Figure 5. Scatterplots between the observed SUHIIs from the MODIS datasets and the simulated SUHIIs for model: (1) daytime summer SUHIIs in northern China; (2) daytime summer SUHIIs in southern China; (3) nighttime summer SUHIIs in northern China; (4) nighttime summer SUHIIs in southern China. The scatter plots were based on the test set in 2009 and 2010 and, thus, two points for the same city are shown in the figure.
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The models simulated the SUHIIs fairly well at the city level. They captured exceptional SUHII values for some sites, such as the extremely large SUHII in Kunming and Fuzhou and the extremely small SUHII in Lanzhou (Figure 5). However, the models also slightly under-estimated or over-estimated the SUHIIs for some cities. Significant under-estimation occurred for cities such as Mudanjiang, while significant over-estimation occurred for cities such as Beijing and Shijiazhuang. Generally, the accuracy of the models was acceptable, given the complex interactions in the urban system.

3.3. The Importance of Each Factor to SUHII

The relative importance of each factor was measured by a linear combination of its usage in the rule conditions and the simulation expressions, with 100 indicating the greatest possible contribution and 0 the least contribution. The importance of each factor is shown in Table 5. Although all the selected explanatory variables were related to SUHII, their contributions varied. Specifically, for summer daytime SUHIIs in northern China (Model 1), the two most important input variables were the ΔNDVI (L3) and Δalbedo (L4). For summer daytime SUHIIs in southern China (Model 2), the number of public buses (A4) and population density (U2) were the most important factors. For summer nighttime SUHIIs in northern China (Model 3), the two most important variables were the number of taxis (A5) and Δalbedo (L4). For nighttime summer SUHII in southern China (Model 4), ΔNDVI (L3) and annual electricity consumption (A1) were the major factors. The variables with the greatest influence on SUHII were land surface characteristics (e.g., ΔNDVI and Δalbedo). Anthropogenic heat discharge was associated with SUHII in southern China, where the number of public buses and annual electricity consumption were the second most important factors in Model 2and Model 4. The urban form descriptors (except population density) were relatively less important, especially in southern China.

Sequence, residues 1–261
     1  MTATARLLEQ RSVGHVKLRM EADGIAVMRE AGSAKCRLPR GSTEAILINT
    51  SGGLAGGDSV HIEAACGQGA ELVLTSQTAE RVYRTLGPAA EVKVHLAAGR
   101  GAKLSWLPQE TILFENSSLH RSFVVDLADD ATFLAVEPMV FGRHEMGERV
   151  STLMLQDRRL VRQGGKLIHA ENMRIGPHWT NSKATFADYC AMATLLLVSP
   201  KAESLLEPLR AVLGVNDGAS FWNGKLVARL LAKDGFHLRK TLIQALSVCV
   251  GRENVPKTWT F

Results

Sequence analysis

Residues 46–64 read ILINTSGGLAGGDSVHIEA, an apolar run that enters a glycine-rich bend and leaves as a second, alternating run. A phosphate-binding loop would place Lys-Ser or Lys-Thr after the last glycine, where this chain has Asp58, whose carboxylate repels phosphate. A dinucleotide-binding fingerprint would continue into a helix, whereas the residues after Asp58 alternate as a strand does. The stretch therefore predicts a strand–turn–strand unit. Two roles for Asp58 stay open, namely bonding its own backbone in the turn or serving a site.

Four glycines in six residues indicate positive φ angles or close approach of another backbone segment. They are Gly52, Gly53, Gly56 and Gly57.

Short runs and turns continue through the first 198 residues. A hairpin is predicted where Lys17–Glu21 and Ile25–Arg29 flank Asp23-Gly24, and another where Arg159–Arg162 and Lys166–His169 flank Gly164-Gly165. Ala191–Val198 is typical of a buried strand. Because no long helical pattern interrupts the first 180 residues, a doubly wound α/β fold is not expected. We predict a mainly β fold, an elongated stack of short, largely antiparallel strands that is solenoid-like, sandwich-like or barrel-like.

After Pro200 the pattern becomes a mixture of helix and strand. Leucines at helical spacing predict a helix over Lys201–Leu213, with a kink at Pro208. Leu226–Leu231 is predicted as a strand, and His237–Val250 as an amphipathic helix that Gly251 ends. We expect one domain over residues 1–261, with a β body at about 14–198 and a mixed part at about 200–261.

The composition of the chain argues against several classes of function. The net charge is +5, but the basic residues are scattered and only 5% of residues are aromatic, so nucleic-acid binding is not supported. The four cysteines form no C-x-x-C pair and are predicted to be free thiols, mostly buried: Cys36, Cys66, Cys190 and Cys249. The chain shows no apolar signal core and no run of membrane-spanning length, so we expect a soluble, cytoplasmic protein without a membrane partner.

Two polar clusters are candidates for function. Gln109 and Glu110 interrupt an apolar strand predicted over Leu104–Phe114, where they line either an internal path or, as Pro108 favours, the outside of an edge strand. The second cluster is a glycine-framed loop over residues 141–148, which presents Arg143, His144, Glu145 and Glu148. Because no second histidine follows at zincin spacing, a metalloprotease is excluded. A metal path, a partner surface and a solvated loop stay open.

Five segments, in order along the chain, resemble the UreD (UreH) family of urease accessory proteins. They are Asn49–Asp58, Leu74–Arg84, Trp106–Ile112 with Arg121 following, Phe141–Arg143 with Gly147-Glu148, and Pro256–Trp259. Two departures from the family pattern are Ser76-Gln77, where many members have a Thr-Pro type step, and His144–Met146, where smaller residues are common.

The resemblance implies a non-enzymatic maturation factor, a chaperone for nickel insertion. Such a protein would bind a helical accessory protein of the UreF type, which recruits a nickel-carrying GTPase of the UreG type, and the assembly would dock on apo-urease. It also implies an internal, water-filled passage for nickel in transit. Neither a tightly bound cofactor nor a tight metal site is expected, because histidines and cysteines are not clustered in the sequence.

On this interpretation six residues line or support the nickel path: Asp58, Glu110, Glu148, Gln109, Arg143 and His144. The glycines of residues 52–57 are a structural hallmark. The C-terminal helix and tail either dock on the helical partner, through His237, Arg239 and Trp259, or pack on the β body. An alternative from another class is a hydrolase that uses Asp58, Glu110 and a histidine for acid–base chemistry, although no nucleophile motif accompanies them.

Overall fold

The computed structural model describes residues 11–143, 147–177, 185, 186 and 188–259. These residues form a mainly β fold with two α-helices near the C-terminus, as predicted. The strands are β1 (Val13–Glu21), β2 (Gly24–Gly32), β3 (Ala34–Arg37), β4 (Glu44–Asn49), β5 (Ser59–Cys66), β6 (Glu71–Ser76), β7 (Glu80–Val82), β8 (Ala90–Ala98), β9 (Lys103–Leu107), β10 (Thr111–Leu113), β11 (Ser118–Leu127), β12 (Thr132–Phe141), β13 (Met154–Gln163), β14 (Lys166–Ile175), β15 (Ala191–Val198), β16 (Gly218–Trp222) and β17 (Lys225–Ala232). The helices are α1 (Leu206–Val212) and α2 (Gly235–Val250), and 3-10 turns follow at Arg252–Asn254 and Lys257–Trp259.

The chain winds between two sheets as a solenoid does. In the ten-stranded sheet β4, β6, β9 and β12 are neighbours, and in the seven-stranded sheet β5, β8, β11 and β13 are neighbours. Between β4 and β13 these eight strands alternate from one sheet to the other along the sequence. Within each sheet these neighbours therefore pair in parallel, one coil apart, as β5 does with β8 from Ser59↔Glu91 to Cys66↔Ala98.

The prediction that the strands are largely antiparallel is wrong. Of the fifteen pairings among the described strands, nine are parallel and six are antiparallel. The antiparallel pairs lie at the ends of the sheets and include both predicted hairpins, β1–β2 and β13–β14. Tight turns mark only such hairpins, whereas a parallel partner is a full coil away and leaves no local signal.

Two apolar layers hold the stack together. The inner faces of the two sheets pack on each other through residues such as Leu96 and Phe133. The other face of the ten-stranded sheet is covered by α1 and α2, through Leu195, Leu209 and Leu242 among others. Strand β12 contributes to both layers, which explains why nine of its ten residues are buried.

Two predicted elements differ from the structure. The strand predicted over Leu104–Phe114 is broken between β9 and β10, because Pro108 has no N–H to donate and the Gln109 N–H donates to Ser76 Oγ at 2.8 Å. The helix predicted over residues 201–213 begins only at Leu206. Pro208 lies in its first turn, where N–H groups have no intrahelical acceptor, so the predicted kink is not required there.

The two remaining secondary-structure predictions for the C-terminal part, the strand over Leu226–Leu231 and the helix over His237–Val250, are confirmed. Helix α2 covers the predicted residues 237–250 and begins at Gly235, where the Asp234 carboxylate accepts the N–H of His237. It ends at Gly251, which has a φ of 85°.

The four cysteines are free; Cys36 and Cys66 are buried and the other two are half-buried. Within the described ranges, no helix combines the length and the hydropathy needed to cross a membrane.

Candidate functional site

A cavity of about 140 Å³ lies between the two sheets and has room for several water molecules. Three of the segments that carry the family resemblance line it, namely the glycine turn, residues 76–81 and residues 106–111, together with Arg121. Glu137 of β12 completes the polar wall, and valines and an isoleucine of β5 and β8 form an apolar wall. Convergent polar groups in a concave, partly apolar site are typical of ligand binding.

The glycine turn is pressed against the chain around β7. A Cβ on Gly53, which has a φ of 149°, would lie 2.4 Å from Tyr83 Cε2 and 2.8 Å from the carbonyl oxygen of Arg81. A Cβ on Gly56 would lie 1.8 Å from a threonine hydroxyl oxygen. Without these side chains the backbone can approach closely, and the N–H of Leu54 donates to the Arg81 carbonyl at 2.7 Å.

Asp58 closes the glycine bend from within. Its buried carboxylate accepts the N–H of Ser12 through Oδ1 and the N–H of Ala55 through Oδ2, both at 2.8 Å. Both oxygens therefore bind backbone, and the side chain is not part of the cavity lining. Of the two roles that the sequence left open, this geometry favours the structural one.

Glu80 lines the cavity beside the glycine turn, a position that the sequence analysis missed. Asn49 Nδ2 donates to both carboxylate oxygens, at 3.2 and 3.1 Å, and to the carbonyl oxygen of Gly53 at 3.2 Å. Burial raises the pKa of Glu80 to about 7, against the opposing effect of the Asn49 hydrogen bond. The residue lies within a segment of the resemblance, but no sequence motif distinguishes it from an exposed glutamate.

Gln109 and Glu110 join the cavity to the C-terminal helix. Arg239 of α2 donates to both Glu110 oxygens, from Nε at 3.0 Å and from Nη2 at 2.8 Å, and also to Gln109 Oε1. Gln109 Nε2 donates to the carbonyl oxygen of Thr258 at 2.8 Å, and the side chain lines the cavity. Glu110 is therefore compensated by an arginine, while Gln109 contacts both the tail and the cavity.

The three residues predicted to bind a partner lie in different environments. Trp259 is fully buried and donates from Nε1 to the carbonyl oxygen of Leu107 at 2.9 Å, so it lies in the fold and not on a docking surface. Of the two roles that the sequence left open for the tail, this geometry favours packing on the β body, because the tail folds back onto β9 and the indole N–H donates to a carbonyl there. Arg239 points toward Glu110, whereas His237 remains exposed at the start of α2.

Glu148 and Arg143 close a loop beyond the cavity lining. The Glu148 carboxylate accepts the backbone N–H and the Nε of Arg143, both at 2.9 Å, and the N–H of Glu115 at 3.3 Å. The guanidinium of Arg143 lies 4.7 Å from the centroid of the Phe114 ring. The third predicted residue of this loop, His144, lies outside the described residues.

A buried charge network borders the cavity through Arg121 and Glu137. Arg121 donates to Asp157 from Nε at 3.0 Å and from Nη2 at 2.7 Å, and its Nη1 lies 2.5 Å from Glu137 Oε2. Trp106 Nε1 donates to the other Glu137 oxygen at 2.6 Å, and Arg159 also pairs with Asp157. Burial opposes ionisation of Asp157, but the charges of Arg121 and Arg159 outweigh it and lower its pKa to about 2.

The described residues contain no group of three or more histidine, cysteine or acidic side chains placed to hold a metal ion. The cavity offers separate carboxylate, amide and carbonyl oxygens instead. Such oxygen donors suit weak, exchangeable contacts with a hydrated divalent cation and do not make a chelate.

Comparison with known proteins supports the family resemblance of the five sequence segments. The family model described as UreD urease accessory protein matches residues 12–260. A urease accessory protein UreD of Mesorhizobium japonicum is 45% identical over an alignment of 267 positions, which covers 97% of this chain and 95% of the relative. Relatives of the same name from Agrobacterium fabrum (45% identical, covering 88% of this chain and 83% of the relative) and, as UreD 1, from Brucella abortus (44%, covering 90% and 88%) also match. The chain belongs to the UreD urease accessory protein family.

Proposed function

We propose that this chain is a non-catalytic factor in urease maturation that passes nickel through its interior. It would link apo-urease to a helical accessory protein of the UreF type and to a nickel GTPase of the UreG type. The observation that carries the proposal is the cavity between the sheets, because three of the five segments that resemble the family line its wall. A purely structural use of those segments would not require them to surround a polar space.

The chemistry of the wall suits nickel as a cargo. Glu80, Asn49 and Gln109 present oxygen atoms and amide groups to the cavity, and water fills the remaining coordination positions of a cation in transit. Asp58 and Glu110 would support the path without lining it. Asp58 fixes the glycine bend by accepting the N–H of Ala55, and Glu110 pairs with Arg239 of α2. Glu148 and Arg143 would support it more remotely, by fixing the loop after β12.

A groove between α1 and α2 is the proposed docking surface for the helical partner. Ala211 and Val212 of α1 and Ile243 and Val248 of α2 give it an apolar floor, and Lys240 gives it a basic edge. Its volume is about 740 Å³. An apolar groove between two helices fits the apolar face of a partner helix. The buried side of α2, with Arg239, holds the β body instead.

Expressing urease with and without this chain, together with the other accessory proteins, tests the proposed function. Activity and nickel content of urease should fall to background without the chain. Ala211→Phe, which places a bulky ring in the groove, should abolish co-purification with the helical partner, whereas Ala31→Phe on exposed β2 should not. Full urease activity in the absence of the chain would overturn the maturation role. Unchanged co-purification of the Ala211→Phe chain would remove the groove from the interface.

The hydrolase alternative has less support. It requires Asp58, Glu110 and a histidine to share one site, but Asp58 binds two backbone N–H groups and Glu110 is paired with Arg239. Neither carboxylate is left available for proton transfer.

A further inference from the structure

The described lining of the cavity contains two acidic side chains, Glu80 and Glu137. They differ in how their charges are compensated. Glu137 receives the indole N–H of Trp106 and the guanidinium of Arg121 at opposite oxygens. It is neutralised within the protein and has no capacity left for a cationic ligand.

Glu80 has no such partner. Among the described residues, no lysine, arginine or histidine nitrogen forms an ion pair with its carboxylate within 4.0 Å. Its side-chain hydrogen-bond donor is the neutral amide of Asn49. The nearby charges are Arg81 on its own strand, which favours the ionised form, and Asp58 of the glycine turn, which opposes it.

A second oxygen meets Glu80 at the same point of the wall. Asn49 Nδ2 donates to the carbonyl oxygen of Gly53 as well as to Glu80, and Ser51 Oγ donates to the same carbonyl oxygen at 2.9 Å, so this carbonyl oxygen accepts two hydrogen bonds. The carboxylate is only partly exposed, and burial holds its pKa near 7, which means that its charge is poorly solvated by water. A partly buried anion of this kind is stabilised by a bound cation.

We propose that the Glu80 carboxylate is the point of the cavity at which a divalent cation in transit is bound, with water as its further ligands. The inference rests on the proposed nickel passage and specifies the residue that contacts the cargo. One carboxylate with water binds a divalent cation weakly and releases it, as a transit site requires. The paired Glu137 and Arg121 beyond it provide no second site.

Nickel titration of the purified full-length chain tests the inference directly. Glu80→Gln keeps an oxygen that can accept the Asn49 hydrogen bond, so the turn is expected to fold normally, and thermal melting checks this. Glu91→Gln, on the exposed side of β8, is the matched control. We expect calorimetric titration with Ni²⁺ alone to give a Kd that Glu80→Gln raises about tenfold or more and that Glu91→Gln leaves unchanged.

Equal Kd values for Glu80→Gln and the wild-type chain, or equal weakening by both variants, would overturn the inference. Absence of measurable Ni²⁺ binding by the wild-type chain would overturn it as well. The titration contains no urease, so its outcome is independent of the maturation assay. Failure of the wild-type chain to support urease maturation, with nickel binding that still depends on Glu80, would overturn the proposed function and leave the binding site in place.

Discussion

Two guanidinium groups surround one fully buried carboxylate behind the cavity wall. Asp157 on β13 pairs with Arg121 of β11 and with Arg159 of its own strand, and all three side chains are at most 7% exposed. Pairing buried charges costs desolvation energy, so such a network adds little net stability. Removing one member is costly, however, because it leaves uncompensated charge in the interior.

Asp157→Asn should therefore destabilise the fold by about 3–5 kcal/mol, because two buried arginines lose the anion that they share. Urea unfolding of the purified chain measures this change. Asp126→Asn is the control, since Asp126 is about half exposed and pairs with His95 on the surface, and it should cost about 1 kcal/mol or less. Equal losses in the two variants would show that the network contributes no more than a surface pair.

Table 5. Importance of input variables for each model. Note: Detailed information on Models 1–4 is listed in Table 3. The number indicates the relative importance of each factor to SUHII, with 100 being the largest possible score and 0 the smallest score. The bold font indicates the two most important factors.
Table 5. Importance of input variables for each model. Note: Detailed information on Models 1–4 is listed in Table 3. The number indicates the relative importance of each factor to SUHII, with 100 being the largest possible score and 0 the smallest score. The bold font indicates the two most important factors.
CodeName of IndicatorModel 1Model 2Model 3Model 4
A1Annual electricity consumption24.5017.084.0